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Hi all I have not been on this site in a while so tonight I came here to vent a few things I am dealing with. First mom is always in a bad mood cant say anything to her unless she needs something done or change the channel on the tv. And I am the only one who cares for her we have no family in our state that we live in and I talked to the family about her but they have not much to say they admire me for waht I am doing I took her out the nursing home 10 years ago. She looked so sad and they but the ankle bracelett on her cause she wondered sometimes ( she does not do that at our home) and since she had several operations things have changed for her and me she had to get the ostomy pouch on and her insides got twisted up and she has a hernia that may need attention ( she is 95 years old uses a walker, hearing aides that hernia well I will keep watch on that to old to go to have a operation. I get tired of how she acts towards me because I am all you got she tells me to get the h... away form her leave me alone ect. She used to go to the daycenter 1 day a week but I cant get her to go its been about a month they have beeb patient with this. I look forward to that day but she refuses to. I am hopeful maybe this week she will go be out of the house. I said a few things that I needed to vent about but the biggest is mom and how she acts towards me. One the other side my son got himself in trouble and may be facing about a couple years in jail hate to hear that told him what he needs to do did not listen to me or his dad i feel bad for him and cant tell his grand mom. And my so called friends have just disappered dont even return a phone call or a text me back I try not to talk only about my mom but they knew that this is where I am at the time they want me to get some respite and I want to she wont leave the house how do I get her to go to respite?. I am 54 years old not a bad lookig woman try to take of myself and i feel sad at times. We just moved to a new place and it took a lot for her to go to respite then she would of been in the way trying to move and all. And I got very ill after the move it was very hard on me but I am still standing and praying that I can keep doing this. It is very hard doing the same thing everyday and the person you do it for is MEAN I told her that and she told me this is what I am to do take care of her I walked away from her. I know she has some dementia but sometimes I feel she plays games with me.I have ran out of things to say I hope one of you read this and give me back any feed back I will be checking and there may be a part 2 later. I have got to go for now got to get up early and excuse any typos that I made have a good night/ day and god bless all of caregivers. Purplerain- :-)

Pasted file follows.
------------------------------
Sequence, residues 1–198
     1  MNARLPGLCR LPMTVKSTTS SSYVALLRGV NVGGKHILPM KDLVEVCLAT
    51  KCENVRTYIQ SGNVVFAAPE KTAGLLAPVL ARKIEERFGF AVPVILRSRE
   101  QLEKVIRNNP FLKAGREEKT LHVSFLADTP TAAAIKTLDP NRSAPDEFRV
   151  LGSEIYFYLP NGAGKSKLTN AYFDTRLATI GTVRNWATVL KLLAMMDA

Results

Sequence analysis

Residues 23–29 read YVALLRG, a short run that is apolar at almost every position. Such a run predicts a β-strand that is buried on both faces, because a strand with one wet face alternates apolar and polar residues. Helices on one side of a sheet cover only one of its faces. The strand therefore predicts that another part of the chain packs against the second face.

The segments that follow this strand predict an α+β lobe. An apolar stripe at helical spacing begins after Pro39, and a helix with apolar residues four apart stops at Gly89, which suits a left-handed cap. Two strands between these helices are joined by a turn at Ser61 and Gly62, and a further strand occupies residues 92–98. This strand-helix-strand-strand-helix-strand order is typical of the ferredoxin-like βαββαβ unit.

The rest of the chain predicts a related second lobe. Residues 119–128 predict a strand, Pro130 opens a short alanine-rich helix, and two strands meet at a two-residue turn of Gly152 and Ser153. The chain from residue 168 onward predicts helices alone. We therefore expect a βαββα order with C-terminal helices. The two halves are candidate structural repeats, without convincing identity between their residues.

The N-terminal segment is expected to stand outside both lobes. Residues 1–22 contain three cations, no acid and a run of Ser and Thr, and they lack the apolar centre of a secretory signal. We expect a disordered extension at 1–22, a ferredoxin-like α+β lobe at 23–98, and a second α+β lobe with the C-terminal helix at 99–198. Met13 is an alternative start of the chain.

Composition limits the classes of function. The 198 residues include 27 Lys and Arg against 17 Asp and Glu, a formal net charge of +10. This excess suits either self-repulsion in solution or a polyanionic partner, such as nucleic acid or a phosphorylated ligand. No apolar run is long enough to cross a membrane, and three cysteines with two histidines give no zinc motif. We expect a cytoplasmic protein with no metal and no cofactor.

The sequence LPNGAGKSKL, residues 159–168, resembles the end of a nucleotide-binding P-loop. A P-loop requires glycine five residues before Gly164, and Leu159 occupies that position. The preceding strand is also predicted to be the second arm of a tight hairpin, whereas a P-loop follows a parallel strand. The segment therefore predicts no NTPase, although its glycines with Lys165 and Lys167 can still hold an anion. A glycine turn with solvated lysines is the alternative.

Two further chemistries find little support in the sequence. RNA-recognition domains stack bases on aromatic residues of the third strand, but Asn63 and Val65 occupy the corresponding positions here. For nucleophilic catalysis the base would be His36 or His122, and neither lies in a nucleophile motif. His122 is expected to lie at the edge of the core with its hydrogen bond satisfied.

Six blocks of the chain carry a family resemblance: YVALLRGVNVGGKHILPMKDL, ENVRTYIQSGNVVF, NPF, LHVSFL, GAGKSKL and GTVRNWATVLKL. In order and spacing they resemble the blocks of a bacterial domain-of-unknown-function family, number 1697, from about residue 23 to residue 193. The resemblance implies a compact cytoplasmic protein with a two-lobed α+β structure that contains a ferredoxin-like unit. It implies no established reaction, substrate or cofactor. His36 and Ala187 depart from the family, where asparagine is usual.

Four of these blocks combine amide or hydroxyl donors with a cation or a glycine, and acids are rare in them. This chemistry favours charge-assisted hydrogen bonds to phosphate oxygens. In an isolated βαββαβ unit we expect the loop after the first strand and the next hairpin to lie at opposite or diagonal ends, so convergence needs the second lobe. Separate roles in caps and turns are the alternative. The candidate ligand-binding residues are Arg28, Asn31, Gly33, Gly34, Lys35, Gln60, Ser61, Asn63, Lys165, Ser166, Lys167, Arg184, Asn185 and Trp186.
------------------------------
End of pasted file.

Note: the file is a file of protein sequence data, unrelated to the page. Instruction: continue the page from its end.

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Your deserve a LIFE so don't place on the responsibility on your shoulders to make everything right for everybody. First, stop worrying about making Mom happy because it is not going to happen--I would try to make yourself happy and move on. You have been the best daughter a mother could have so now the time has come for you to step aside and begin to think about yourself. I would begin to look for placement for your mother in a nursing home. She needs lots of care and the long term care facility can provide those 24 hours hands-on kind of care. No matter where or what you do for your mother she will continue to be unhappy. I am firm believer that we make our own happiness and someone else can not. Your mother is frail and ill so it is very hard for her to be happy about much. So you need to stop all the "guilt" and get ready for your mom to move. She will not like it, but she doesn't like anything that you do for her--it is a no-win situation so stop trying to make miracles. She will adjust because she has no choice. Don't mean to sound "heartless" but if you died tomorrow, life would go for your mom no matter what. Just know one thing is that you have done a great job caring for mom and your time has come to an end. Let someone else continue her care. Be strong with your decisions and get your hair and nails done and be the beautiful 54 year old woman that you have been all of these years caring for your mother. It is now about you!!!!